Prof Binka suggests high political commitment for eradicating malaria

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Prof Fred Newton Binka
Prof Fred Newton Binka

A Professor of Clinical Epidemiology at the University of Health and Allied Sciences (UHAS) School of Public Health, Prof Fred Newton Binka said spirited political commitment is required to eradicate malaria from Ghana.

The major challenge to fighting the disease remained logistics, he said, and that political leaders in the country and on the African Continent needed to find sustainable funding for its elimination.

Prof Binka was speaking at a webinar organised by UHAS on the theme: “Time to Deliver Zero Malaria: Invest, Innovate, Implement.”

He said: “High political commitment will eradicate malaria in a generation.
We have tools to get there now, China has done it. We will incorporate new tools to get us there faster.”

“Malaria is a logistic problem and no longer a health problem. Ghana and Africa must wake up to the challenge – we are asleep while other countries are doing it.”

“We need to increase domestic funding. If we are waiting for aid, it will not be done. if we don’t learn to put money into it, we will run into a serious problem.”

Prof. Binka, who had led malaria elimination campaigns in parts of China and Myanmar, appealed to stakeholders to hasten the implementation of various structures for malaria elimination, which include the formation of an elimination task force.

Sharing methodologies from the provinces and countries where elimination had been successful, he said structures including a surveillance and data management system must be made effective and be built into a malaria elimination audit tool.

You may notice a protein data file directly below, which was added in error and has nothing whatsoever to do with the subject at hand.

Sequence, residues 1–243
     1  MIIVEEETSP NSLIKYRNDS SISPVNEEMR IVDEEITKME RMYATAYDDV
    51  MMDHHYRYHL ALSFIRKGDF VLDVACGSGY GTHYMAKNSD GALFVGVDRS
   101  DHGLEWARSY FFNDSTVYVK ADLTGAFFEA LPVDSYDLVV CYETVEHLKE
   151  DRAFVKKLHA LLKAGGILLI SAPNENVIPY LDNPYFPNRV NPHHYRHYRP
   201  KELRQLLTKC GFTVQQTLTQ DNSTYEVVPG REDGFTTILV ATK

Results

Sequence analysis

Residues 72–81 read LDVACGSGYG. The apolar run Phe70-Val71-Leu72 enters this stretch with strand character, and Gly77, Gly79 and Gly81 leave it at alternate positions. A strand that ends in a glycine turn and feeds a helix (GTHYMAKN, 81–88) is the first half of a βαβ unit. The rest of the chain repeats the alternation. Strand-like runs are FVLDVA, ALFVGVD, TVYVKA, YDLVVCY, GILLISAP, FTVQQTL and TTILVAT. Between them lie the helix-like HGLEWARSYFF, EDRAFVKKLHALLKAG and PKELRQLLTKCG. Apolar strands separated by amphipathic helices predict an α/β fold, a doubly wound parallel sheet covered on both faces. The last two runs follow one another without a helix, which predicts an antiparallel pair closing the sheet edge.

Facilities, health givers and seekers all need to be ready for the elimination campaign and the private healthcare industry should be implored to play a key role.

Dr Keziaha Malm, Manager of the National Malaria Control Programme, now rechristened the National Malaria Elimination Programme, said although the whole nation remained at risk of the disease, which continued to carry the highest healthcare expenditure, its elimination was possible.

Basing on the latest annual data report, she said there was a “consistent reduction in malaria parasite prevalence,” and that “when we put in the necessary resources, elimination is possible.”

Dr Malm said malaria deaths had reduced, and was also reducing in children under-five, with most regions recording single digit malaria deaths.

The nation is recording close to a 100 per cent testing rate for malaria treatment and confined cases are also on the decrease.

Interventions for pregnant women, including medications, treated nets, were also on the increase, Dr Malm said and that stakeholders were working to improve all indicators.

Athough admissions increased by eight per cent, cases had reduced by 20 per cent, she said.

Dr Malm said the he Programme had reshaped its strategic plan and changed name to reflect, and that it continued to enjoy unwavering support from the political leadership including Parliament.

The webinar is part of a series of activities by the University to mark this year’s World Malaria Day celebration, which included health walks, debates and quiz competitions.

The 2023 edition of the UHAS Malaria Newsletter would be launched during the celebration.

Professor Evelyn Korkor Ansah, the Director, Center for Malaria Research, UHAS Institute of Health Research, said the celebration emphasised the shift from prevention to control.

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